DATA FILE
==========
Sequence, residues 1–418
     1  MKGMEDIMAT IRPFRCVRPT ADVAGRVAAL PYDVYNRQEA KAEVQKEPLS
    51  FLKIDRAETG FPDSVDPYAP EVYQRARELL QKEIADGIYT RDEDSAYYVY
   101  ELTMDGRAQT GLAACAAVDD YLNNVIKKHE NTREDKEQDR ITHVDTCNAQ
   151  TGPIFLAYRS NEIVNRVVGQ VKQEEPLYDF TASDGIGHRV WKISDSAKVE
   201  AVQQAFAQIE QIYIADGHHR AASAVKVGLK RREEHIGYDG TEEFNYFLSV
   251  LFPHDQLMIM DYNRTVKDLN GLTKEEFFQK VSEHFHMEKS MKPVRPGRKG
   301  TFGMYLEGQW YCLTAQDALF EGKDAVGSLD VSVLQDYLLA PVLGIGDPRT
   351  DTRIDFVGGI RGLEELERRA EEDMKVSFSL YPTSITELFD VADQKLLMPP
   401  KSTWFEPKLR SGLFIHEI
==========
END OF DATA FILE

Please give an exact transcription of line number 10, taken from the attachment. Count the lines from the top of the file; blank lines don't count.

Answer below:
   401  KSTWFEPKLR SGLFIHEI